Thursday, March 09, 2006 | San Diegans pay less in taxes and fees than the average major city in California, a local think tank told a City Council panel Wednesday, but the council’s independent budget analyst opined that now is not the time to ask voters to raise rates.
The Center on Policy Initiatives, a research and advocacy group that champions the working poor, presented to the council’s Budget and Finance Committee a report it authored nearly a year ago that shows San Diego lagging in the taxes and fees it collects when compared to the 10 largest cities in the state.
San Diego, the state’s second-largest city, could generate another $279 million a year if it adjusted its taxes on hotel rooms, garbage collection, real estate transfers, utility usage and business licenses to be on par with the average rates that are paid in the Golden State’s 10 largest cities.
The independent budget analyst, or IBA, said the CPI report “did a good job illustrating San Diego’s general revenue and expenditure position relative to other large California cities,” but was cool to increased taxes. The city needs to fix its budget, become more efficient and regain its credit rating before asking for more money, the IBA stated.
Among the state’s 10 largest cities studied by CPI, San Diego was found to have:
– The lowest hotel tax, 15 percent lower than the major city average.
– The lowest real estate transfer tax, one-sixth the average.
– The second-lowest business license fees, less than one-fifth the average.
– No trash collection fee, when $9.80 per household was the average monthly fee.
– No utility users’ taxes, when $92 per person was the average annual fee.
The 10 largest California cities surveyed in the study were Los Angeles, San Diego, San Jose, San Francisco, Long Beach, Fresno, Sacramento, Oakland, Santa Ana and Anaheim, respectively.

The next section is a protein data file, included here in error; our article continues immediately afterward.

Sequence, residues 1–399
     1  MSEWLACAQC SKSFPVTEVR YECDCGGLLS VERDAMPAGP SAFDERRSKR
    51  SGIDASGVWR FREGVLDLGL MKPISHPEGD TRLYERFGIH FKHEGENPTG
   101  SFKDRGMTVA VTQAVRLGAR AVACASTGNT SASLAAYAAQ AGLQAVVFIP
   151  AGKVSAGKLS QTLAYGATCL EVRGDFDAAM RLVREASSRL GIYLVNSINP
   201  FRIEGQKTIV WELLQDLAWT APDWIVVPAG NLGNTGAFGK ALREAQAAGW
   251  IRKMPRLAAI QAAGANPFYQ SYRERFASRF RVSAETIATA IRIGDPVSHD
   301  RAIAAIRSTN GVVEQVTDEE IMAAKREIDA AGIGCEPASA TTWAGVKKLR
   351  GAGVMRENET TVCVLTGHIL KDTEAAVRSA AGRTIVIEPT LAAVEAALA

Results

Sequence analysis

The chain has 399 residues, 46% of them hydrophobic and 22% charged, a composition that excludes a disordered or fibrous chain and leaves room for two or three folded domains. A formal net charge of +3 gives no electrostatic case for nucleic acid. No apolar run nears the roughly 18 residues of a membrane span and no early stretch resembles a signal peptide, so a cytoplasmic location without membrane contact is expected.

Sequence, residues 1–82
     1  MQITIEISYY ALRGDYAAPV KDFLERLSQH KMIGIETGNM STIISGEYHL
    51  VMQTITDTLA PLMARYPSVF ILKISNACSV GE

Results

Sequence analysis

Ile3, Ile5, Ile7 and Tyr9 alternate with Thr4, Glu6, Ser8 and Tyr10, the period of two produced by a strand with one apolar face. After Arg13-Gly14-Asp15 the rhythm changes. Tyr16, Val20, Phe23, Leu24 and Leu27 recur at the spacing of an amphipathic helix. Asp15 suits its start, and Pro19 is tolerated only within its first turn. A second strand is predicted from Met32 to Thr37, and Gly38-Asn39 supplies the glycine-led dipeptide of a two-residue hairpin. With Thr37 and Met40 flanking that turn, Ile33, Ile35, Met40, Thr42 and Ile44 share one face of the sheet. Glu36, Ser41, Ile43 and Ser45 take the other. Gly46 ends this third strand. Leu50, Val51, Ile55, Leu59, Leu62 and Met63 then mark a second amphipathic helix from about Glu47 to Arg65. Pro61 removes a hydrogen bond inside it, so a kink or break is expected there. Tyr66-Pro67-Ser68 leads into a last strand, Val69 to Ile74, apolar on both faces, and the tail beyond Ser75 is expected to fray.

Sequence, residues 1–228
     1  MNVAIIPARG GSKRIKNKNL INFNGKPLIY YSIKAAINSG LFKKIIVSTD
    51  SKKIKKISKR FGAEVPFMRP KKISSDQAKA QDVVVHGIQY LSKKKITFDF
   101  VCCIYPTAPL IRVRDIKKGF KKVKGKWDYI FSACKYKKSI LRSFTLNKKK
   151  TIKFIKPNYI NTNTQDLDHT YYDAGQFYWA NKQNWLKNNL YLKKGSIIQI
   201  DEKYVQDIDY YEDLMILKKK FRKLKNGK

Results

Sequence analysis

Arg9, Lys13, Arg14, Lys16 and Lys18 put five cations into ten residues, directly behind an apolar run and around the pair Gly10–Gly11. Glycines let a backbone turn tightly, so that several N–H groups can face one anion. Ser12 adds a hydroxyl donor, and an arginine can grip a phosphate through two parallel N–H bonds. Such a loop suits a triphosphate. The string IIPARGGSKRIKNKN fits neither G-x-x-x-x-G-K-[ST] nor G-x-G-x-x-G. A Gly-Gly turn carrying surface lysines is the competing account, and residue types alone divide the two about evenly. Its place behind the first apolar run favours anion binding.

Supplementing the city’s revenue, the report says, could help fund improvements that will bring San Diego’s police, fire and parks departments and its public infrastructure up to speed with its regional economic growth and up to par with the state’s other urban centers.
– San Diego spends less per acre of parkland than any of the other cities surveyed. About $2,610 is spent per acre in San Diego, which is less than half the average per-acre expenditure of $6,442 among the state’s other large cities.
– Only Fresno spends less ($85 per person annually) than San Diego ($90 per person) on streets, highways and storm drains.
Tevlin’s analysis agreed with CPI’s argument that a public-awareness campaign about what San Diegans pay should be launched.
“It often times gets lost or forgotten in the course of our daily lives that the City provides a wide array of services; those services cost money; and the costs to sustain service levels desired by our residents may require new revenue sources,” the IBA stated.
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